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LOCAL NEWS --------------------------------------------------------------------------------
House: Decriminalize prostitution, drugs
by Elisabeth J. Beardsley Friday, April 11, 2003
Pot smokers, hookers, shoplifters and barroom brawlers could be eligible for jail-free punishments equivalent to a traffic ticket under a budget recommendation by House lawmakers.
The proposal would allow low-level misdemeanors to be treated as civil rather than criminal infractions - allowing the state to forgo public defenders, which could save $2.2 million per year.
That would allow lawmakers to avoid Gov. Mitt Romney's proposal to shutter eight district courts, said House Criminal Justice Chairman Eugene L. O'Flaherty, who chaired the judiciary task force.
``In trying times, we have to be as creative as possible,'' O'Flaherty (D-Chelsea) said.
The House offered a similar decriminalization proposal in last year's budget, but former acting Gov. Jane M. Swift vetoed it after an outcry by the state's district attorneys.
Prosecutors say they're willing to decriminalize certain offenses such as shoplifting or driving without a license - but not ``quality of life'' crimes such as drugs and prostitution.
``We would be opposed to the blanket decriminalization of statutes that would have a significant impact on the quality of life of neighborhoods,'' said Suffolk Second Assistant DA Gerald Stewart.
Romney yesterday quickly threatened a veto if the proposal finds its way into the Legislature's upcoming budget plan - especially after the House panel rejected virtually all of Romney's court reforms.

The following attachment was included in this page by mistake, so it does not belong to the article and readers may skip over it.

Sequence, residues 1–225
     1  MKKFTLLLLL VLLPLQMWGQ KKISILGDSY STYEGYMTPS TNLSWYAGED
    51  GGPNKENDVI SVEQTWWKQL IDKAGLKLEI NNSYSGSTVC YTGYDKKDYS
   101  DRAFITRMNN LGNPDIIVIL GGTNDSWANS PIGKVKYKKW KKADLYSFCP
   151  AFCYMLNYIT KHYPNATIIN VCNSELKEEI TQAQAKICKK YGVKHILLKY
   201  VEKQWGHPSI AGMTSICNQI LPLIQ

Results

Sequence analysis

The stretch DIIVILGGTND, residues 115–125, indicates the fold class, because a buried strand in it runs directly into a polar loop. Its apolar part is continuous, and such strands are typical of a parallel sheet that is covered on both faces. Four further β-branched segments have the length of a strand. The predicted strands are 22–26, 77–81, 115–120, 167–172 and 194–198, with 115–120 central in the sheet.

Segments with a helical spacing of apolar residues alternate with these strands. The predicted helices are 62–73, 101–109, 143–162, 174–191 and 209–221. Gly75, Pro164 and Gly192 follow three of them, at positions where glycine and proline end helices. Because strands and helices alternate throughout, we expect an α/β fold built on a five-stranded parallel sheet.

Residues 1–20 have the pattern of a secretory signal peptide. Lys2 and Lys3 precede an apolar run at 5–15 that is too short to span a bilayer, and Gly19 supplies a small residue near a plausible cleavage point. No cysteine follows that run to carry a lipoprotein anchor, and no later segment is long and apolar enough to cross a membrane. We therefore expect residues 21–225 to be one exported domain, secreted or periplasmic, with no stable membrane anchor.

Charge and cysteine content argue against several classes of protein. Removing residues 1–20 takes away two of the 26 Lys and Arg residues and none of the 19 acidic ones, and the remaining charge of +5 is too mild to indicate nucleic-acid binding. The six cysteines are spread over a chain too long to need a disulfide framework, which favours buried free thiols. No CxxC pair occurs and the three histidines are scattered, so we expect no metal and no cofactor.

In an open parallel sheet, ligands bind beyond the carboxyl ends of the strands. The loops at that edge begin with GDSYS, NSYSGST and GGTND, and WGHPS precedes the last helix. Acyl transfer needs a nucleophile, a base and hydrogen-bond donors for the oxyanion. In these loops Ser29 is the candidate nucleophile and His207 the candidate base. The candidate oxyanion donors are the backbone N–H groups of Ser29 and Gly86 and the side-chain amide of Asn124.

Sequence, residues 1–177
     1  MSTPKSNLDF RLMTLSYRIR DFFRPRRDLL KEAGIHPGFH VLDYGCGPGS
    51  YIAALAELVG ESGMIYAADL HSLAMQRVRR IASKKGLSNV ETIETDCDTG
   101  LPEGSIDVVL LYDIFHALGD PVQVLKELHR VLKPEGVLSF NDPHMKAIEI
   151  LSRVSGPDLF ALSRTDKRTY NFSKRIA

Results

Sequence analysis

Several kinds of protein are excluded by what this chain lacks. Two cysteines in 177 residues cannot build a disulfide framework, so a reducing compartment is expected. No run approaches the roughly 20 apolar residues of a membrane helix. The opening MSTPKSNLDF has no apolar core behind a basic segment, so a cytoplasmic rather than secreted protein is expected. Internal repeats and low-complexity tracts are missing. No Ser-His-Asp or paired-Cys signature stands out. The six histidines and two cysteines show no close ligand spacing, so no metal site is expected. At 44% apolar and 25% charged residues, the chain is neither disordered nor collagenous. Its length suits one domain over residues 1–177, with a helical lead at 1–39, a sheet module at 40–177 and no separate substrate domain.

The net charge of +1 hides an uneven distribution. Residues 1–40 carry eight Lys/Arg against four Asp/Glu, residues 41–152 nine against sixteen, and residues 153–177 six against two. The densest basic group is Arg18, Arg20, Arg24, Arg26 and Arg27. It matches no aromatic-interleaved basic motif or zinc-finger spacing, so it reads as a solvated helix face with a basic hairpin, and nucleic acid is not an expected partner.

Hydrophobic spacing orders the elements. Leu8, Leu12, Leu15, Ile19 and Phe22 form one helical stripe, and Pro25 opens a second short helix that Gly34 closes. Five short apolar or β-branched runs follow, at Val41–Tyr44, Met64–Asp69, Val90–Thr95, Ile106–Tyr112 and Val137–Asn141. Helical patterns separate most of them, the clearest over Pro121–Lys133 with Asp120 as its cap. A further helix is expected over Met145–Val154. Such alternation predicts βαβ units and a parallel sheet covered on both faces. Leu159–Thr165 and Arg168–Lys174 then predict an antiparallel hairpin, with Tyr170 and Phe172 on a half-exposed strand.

But drug reform activists hailed the move, saying that cracking down on petty drug offenses wastes scarce public dollars at a time when budget cuts are forcing police to be laid off statewide.
``We can continue to address adult marijuana smokers, but if we do that, by definition, we'll have less police on the streets, less DAs in the prosecutor's office, more people who are homeless,'' said Michael Cutler of the Massachusetts Drug Policy Forum.
Calling Romney's anti-patronage approach to the courts a ``false premise,'' the House panel rejected his plan to merge the Boston Municipal Court into the larger system and take control of individual court budgets away from lawmakers.
Romney spokeswoman Shawn Feddeman retorted: ``Citizens and common sense are crying out for reform, but the Legislature just wants to go back to higher taxes and unacceptable spending cuts.''
The House also recommended ratcheting up dozens of court fees - raising an estimated $37.7 million.
The House's methodical rejection of Romney's proposals sparked accusations that House leaders are trying to stampede members into supporting new taxes with threats of devastating program cuts.
``Their budget is slash, burn, blood in the streets . . . and hope the public says oh, that's unacceptable, we'll have to raise additional revenues,'' said House Minority Leader Bradley H. Jones (R-North Reading).